How Important is Additive Manufacturing Security?

By on August 17th, 2022 in Ideas, news

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Cloud infrastructure security for manufacturing [Source: Fabbaloo / StableDiffusion]

Security is an often ignored part of additive manufacturing.

Unfortunately, security incidents seem to be on the rise, and particularly related to company cloud infrastructure. In recent years more companies are using cloud technology to store designs and other critical information. During the pandemic many companies erected cloud platforms in order to support remote workers, and still do so today.

Security incidents take many forms, but generally the idea is that data that should be secured is somehow exposed to others outside the company. This could be personal information about staff and clients, internal company documents or even 3D designs sought by competitors.

Someone inside every organization can access these materials, but normally access is restricted to those who “need to know”. However, if one of those privileged accounts is compromised, then the information can be exposed.

The most typical method of gaining access to the privileged accounts is through “phishing”, where a seemingly correct email persuades the account holder to click on a link. Once that’s done, automated scripts take over and compromise the account. This can actually be done without the account holder even knowing what’s going on.

According to a recent report from Netwrix:

  • 51% of manufacturing companies have experienced an attack on their cloud infrastructure in the past 12 months
  • 73% of those attacked were done via phishing.
  • 38% of respondents in this sector had to deal with account compromise at least once, while the average for all other industries was 31%
  • 19% of manufacturing organizations experienced supply chain compromise but only 15% of respondents from other verticals reported this type of attack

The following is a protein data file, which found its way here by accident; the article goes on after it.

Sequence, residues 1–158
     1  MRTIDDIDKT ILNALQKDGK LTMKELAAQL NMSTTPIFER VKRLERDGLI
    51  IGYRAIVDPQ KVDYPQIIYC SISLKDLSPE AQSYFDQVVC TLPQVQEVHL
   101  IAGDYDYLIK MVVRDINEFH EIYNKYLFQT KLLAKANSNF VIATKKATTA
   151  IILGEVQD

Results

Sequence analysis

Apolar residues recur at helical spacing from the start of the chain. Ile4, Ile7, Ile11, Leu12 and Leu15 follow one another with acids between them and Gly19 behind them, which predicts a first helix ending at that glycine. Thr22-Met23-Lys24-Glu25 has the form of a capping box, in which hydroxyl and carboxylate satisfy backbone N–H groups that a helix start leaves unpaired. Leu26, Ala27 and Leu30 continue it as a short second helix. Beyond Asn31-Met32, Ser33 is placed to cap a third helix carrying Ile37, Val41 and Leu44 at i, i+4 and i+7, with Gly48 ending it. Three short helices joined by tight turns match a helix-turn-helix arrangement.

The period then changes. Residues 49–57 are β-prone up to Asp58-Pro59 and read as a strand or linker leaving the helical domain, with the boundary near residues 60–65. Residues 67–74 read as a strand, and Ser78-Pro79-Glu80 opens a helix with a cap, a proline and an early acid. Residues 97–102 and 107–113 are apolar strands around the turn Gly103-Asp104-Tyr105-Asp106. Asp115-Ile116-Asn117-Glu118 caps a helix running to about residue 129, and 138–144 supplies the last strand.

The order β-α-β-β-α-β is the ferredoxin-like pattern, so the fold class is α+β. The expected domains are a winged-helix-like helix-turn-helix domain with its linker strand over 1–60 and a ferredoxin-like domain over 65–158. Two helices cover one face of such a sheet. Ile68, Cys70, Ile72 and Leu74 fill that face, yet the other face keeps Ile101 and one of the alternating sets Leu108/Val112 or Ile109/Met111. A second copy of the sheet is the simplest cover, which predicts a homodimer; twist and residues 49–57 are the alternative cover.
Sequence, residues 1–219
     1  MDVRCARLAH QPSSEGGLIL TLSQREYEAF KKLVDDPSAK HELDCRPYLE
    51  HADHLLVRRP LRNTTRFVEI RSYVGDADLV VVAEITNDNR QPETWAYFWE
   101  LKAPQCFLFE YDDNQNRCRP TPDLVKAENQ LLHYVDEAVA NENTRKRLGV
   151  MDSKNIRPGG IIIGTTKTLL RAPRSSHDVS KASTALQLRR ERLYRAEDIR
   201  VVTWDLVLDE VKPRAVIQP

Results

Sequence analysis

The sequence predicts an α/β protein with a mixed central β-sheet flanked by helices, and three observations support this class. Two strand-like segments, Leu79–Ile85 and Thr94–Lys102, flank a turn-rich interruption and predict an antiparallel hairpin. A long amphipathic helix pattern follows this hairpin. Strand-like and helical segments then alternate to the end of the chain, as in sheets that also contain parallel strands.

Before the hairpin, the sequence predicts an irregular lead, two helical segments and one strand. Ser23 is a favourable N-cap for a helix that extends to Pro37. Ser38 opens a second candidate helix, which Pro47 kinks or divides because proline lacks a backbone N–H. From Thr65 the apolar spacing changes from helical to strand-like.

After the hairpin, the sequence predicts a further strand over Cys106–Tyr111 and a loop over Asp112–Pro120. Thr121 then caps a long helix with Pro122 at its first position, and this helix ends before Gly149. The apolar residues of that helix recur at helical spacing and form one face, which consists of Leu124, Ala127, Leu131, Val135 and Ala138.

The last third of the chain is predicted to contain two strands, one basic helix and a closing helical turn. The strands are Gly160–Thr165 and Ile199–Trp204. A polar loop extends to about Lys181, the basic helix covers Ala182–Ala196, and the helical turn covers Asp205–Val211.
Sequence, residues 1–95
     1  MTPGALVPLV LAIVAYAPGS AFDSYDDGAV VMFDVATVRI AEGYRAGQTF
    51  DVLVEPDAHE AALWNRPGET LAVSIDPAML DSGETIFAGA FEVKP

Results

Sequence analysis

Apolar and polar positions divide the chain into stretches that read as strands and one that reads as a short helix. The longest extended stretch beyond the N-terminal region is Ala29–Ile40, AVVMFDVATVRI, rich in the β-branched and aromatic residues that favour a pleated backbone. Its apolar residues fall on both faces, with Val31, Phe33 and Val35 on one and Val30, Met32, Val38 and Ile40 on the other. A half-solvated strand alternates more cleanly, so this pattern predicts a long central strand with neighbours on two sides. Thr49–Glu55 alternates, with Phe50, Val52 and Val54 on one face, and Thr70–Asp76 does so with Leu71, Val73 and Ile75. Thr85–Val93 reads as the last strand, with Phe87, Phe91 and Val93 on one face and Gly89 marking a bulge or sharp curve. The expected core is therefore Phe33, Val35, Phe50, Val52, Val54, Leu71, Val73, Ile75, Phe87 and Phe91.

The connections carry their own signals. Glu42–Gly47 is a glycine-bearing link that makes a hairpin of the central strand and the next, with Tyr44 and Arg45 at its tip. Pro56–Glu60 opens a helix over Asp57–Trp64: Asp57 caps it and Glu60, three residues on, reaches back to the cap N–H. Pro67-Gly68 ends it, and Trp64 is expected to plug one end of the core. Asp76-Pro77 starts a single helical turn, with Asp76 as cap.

Netwrix said only 35% of manufacturing companies have set up clouds, while in general companies are at 41%. Thus manufacturing is lagging not only in security, but even using cloud technology at all.

VP of Security Research at Netwrix explained:

“Cloud adoption is accelerating in the manufacturing sector: These organizations report that they expect 52% of their workloads to be in the cloud by the end of 2023, up from the current 35%. Fast implementation of cloud computing could cause security gaps. Paying close attention to securing all three attack vectors — data, identities, and infrastructure — will reduce the risk of infiltration and its consequences.”

While this survey is likely intended to drum up business for Netwrix, much of what they say is actually true. In many ways the manufacturing industry lags current developments in technology. We see that every day: many companies have still yet to adopt 3D printing tech into their operations.

The same is evidently true for security aspects.

Manufacturing companies face particularly more dangerous risks as there is the possibility of compromising equipment operation. Many pieces of equipment can be operated remotely, and exposing the credentials to them means someone can literally run your 3D printers. It is possible that job sequences can be disrupted, or in the worst case, machine damage occurs.

If it’s true that companies will continue to move into the cloud in coming years, it is definitely a good idea to ensure the security is in place.

For the AM market, companies are often adopting pre-made cloud solutions provided by others. These companies develop sophisticated workflow solutions that allow not only remote workers, but also connections with clients and suppliers. A company using these services might be unaware of the services’ security capabilities.

The bottom line here is that those providing cloud-based AM workflow solutions had better ensure they provide more than adequate security for their clients, and those clients had better ask a lot of questions about the security of the service.

By Kerry Stevenson

Kerry Stevenson, aka "General Fabb" has written over 8,000 stories on 3D printing at Fabbaloo since he launched the venture in 2007, with an intention to promote and grow the incredible technology of 3D printing across the world. So far, it seems to be working!

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